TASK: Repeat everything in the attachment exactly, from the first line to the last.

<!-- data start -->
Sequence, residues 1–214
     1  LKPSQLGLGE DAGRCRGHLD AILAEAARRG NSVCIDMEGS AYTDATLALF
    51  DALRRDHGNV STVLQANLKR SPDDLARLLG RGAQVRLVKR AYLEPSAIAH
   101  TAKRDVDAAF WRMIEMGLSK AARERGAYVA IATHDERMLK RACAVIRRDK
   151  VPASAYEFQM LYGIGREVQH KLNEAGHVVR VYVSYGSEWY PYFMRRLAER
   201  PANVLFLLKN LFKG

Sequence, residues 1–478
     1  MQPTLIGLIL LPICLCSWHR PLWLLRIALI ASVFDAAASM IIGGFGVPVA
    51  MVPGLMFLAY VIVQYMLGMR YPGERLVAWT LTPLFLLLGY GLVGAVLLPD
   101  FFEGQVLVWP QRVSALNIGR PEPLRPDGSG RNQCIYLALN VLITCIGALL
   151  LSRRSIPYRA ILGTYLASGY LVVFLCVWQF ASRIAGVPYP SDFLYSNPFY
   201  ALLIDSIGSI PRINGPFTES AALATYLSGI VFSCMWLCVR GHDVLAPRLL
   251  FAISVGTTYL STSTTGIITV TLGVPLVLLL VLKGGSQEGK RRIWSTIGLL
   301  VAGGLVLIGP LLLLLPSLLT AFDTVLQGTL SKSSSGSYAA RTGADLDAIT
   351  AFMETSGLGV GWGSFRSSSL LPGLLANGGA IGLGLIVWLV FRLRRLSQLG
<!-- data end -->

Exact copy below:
Sequence, residues 1–214
     1  LKPSQLGLGE DAGRCRGHLD AILAEAARRG NSVCIDMEGS AYTDATLALF
    51  DALRRDHGNV STVLQANLKR SPDDLARLLG RGAQVRLVKR AYLEPSAIAH
   101  TAKRDVDAAF WRMIEMGLSK AARERGAYVA IATHDERMLK RACAVIRRDK
   151  VPASAYEFQM LYGIGREVQH KLNEAGHVVR VYVSYGSEWY PYFMRRLAER
   201  PANVLFLLKN LFKG

Sequence, residues 1–478
     1  MQPTLIGLIL LPICLCSWHR PLWLLRIALI ASVFDAAASM IIGGFGVPVA
    51  MVPGLMFLAY VIVQYMLGMR YPGERLVAWT LTPLFLLLGY GLVGAVLLPD
   101  FFEGQVLVWP QRVSALNIGR PEPLRPDGSG RNQCIYLALN VLITCIGALL
   151  LSRRSIPYRA ILGTYLASGY LVVFLCVWQF ASRIAGVPYP SDFLYSNPFY
   201  ALLIDSIGSI PRINGPFTES AALATYLSGI VFSCMWLCVR GHDVLAPRLL
   251  FAISVGTTYL STSTTGIITV TLGVPLVLLL VLKGGSQEGK RRIWSTIGLL
   301  VAGGLVLIGP LLLLLPSLLT AFDTVLQGTL SKSSSGSYAA RTGADLDAIT
   351  AFMETSGLGV GWGSFRSSSL LPGLLANGGA IGLGLIVWLV FRLRRLSQLG